Quite aside from civil rights and privacy issues, the number of people claiming some sort of benefit because of illness is in the millions and who knows how many people apply for it and get turned down. Would everyone have to wait for a spot in the house in a queue? How long might that take? How much would that cost? How much doctor's and nurses time would that take up? And as to your point about fraud, what is to stop someone from putting it on for 2 days?

Mary said...

To take your points one at a time:

It has nothing to do with form-filling being "not much fun". It's to do with things like:
- it hurts to use a pen for more than a few words.
- my condition is variable, at the moment, I'm doing quite well and we're having a debate, other times, I can barely remember my own name let alone correctly fill in a form. cf a few weeks ago, I got my own postcode wrong.
- I cannot, on my own, get as far as the nearest post office. Even the mobility scooter is a Good Days Only thing.

Ability, not preference.

I can't speak for other people. I, personally, would prefer to be watched, than to spend hours thinking about how X causes pain and Y is impossible and I can't do Z any more. The forms are access-all-areas, there's no semblance of 'privacy' whatsoever anyway.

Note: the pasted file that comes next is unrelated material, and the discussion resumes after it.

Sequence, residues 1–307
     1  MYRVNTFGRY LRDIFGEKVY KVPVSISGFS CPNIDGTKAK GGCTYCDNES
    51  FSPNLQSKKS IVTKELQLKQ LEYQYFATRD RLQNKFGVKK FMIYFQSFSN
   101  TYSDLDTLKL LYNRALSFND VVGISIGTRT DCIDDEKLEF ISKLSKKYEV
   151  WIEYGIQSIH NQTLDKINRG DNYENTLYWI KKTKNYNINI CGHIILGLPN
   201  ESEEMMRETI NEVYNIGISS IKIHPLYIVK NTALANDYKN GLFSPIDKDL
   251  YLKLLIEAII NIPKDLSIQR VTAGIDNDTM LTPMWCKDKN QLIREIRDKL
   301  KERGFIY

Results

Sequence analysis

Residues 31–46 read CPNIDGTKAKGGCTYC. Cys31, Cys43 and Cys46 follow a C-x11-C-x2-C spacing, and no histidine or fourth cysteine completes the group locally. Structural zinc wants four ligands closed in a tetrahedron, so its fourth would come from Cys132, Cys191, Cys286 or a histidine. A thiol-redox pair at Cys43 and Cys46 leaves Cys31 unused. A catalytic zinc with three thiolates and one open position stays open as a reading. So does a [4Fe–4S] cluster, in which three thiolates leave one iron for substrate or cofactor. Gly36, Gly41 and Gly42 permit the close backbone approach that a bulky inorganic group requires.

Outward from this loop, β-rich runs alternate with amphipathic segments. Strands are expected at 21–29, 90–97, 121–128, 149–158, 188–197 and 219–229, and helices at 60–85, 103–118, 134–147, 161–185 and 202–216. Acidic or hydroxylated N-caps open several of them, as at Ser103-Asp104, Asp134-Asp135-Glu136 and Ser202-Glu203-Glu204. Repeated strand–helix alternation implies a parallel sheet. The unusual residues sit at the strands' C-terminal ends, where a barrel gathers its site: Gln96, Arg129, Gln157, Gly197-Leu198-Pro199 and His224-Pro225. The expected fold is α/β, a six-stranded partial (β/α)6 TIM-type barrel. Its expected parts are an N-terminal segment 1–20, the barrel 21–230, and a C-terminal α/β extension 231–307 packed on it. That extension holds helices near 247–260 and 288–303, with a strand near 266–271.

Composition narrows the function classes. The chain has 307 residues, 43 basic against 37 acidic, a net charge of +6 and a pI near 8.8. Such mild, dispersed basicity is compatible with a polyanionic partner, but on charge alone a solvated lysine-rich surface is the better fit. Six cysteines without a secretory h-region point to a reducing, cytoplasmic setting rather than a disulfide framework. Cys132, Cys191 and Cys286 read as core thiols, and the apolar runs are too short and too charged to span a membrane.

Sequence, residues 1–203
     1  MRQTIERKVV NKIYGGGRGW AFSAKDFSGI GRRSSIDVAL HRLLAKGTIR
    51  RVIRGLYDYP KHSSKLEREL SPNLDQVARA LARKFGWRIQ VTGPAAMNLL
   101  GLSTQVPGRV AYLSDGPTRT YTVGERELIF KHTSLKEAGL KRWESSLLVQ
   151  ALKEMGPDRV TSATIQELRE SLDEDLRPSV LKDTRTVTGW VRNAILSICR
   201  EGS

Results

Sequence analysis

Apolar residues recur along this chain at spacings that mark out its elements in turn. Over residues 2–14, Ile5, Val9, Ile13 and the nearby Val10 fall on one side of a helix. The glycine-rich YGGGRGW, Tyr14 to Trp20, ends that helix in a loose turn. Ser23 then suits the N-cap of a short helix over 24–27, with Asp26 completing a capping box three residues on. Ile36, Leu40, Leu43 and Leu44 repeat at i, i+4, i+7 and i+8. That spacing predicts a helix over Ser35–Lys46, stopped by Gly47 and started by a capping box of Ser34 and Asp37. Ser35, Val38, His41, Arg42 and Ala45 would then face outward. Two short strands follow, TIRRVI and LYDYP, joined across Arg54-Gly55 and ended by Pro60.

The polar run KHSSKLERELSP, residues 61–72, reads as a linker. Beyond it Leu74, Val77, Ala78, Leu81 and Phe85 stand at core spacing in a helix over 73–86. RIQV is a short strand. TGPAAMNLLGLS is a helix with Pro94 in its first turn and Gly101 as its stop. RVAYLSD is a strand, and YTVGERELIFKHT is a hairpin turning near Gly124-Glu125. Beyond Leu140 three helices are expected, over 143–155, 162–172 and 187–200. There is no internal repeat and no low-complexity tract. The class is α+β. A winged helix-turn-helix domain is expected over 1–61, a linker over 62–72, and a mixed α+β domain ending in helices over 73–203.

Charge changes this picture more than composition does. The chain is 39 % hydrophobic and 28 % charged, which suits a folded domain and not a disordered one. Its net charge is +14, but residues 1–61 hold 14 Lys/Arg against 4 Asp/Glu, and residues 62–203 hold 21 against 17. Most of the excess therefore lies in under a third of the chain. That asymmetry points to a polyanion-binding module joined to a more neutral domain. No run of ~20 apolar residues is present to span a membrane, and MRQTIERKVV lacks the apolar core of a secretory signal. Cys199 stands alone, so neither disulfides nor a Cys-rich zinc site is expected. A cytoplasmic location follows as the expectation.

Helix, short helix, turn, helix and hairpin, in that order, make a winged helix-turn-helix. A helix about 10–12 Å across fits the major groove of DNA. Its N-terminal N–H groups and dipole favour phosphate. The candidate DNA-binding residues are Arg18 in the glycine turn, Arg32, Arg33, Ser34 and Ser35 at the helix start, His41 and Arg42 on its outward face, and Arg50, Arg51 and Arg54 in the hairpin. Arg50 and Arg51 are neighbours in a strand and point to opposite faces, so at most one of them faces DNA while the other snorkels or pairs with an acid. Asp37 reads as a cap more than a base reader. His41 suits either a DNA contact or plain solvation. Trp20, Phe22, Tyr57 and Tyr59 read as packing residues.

Yes, it would be expensive, but so is the current system. A hell of a lot of people make a hell of a lot of money out of being part of the machine, the Atos lot, the recent Freud report, the admin staff...

Fraud will occur in any system, however, I believe observation would lead to less fraud. Let's imagine someone trying to claim fraudulently with an invented condition.

Filling out the forms is EASY for them. They have the energy and capacity to write as much of whatever fiction they like on there. But it's difficult, painful, sometimes impossible for many disabled people.

They then have to persuade their GP (which would take several appointments). But they can easily get themselves to and from such appointments, and as you say, "put it on" for ten minutes. Many genuinely disabled people can't easily get to and from appointments and don't want to drain the NHS by demanding home-visits unless it's desperate. A fraudster is unlikely to have any such misgivings.